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GGRB13 - Lecture 3

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Minelle Mahtani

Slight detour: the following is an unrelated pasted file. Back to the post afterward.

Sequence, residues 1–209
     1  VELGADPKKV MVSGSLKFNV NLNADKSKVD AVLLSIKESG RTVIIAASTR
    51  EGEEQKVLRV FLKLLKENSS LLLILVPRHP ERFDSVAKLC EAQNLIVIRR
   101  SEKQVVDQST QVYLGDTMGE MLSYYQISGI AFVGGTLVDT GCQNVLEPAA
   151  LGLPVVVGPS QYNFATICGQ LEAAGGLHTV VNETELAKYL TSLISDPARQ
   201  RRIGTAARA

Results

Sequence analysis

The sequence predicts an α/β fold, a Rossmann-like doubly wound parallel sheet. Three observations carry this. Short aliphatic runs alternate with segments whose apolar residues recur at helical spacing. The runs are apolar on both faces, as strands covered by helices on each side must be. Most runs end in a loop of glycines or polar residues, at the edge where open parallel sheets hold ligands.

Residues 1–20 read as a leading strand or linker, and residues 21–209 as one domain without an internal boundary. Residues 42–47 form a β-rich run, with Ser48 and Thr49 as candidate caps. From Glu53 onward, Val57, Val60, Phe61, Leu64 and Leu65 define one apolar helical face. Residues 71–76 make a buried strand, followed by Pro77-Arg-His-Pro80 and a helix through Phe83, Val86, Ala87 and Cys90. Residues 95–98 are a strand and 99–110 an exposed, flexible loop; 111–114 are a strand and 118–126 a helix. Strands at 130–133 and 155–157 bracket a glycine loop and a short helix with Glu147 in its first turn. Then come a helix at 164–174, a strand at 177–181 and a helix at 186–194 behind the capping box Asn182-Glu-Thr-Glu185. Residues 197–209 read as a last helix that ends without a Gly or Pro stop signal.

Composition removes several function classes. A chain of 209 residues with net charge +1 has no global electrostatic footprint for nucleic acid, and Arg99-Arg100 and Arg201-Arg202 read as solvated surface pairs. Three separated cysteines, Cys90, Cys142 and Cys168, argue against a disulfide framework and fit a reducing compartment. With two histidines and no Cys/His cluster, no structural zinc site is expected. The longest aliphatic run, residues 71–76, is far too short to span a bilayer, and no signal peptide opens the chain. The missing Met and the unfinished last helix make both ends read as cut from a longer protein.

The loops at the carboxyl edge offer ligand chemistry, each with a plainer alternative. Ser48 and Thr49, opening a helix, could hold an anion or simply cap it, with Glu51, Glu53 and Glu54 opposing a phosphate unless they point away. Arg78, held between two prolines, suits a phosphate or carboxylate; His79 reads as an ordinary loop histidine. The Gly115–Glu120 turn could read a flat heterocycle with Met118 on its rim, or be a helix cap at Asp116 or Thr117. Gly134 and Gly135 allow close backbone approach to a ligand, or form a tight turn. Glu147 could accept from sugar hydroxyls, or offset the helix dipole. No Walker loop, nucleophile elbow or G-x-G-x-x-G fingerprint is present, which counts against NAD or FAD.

GGRB13 – Lecture 3 – January 23, 2012 SPACE, PLACE, and SENSE OF PLACE 3 Questions from last lecture: 1) What is social geography? 2) How do social geographers think about maps? 3) What is a mental map 3 Questions you should be able to answer by the end of Today’s lecture - What is space? - What is place? - What is a sense of place? Geography Matters Because: - Perspective matters - What is your place in the world? - How you view landscapes around you? - Who defines your place in the world? Last Week - What did we learn about maps? - Maps are a great way to communicate - Maps without words is like a song without lyrics - Scale a foundational concept in Geography to make sense of the world Ex. From the city to the region, the region to nation, the nation to the world How do First Nations people think about maps? - How do marginalized groups view maps? - Ill-defined borders - Scales aren’t clearly defined - Who’s land is it? A notion of “colonization” - Maps communicate differently and can be interpreted differently - The example of the map have some names missing, while others are there (derived from Indians), there is a bloodied history behind the process of naming in which we need to pay close attention to - Map of the forsaken world, the world without end, where forests have been cut away from their trees, these are the lines that the wolf cannot pass over What is a Mental Map? - A person’s own internal map of their known world - How would you draw a mental map of your known world? Do you know your world very well? Example of Mental Map - Whoever drew this map was involved with the church because the father was a minister - Childhood memories - Mother cooked chickens - The actual person who drew this was someone who became a reverend, and it was a recollection of his memories made in the 1950’s Mental Maps - Social geographers are interested in mental maps of individuals and how they order the space around them - How we order space varies from place to place - The way we experience space shifts, therefore identity markers will be different between people - What can we learn from mental maps of groups? - The focus or perspective of maps of groups will be different because of the varying access to space of different social groups Ex. Lower vs. Higher classes - Those from lower socioeconomic groups create mental maps which cover smaller geographic areas than the mental maps of affluent individuals Ex. Lower income residents of L.A. know about upscale areas of the metropolitan area such as Beverly Hills and Santa Monica, but they do not know how to get there or where they are exactly located Social Geography, then... - Is about how it is that YOU see the world and your place in it - Different perspectives on space, place, and identity (refer to Stilgoe reading) - More than just a physical surface upon which social categories are mapped out - It is about power, privilege, resources, and access to space Q1) What is Social Geography? - It looks at the relationship between society and space - The study of social relations and the spatial structures that underpin those relations - The social construction of space and place - Geography is the study of places, and geographers are more concerned about what makes a “place” for a person. (Ex. House, car, etc.) - Struggles that make up Culture in Space – How are social meanings and power, social, and economic advantage maintained and produced in space? - There are certain exclusions in geography - Which spaces feel comfortable to you and why? - From positivism to humanism, social/cultural geography is now firmly on the agenda - Very much influenced by the cultural turn and the interest in the politics of identity in 1990s - A critique of spatial science from the 1950s-1960s Q2) How do social geographers think about maps? - Maps are representations of reality (not reality!) - Everyone maps out differently and it matters who you are and where you are (location) - Geography is about conquest and colonization - Maps tell stories about power, domination and complicit histories - Think and look critically about maps, a different point of view Q3) What is a Mental Map? - A person’s own internal map of their known world - How we make sense of the world around us - Scale Exploring - Why are things the way they are? - By doing a spatial analysis, you can find some answers as to why city planners design cities they way they are What is a Sense of Place? - How is space, place, and home explored in this song/video? Space - You are someone else when you don’t feel like you belong or conform to norms Place - Memories - The room to escape the struggles of everyday life, a place of healing Home - Attachment to memories, where you grew up and what shaped who you are - Somewhere you can always go back to when you get lost in the world - A particular spot in place - She is out of place when she’s in the house - The tour bus is her new home, mobility = home (a different kind of home) - Politics of identity = politics of location, who you are shifts - The title “The House that Built Me” is opposite to “We Build Houses” - This song communicates the normative understandings of home
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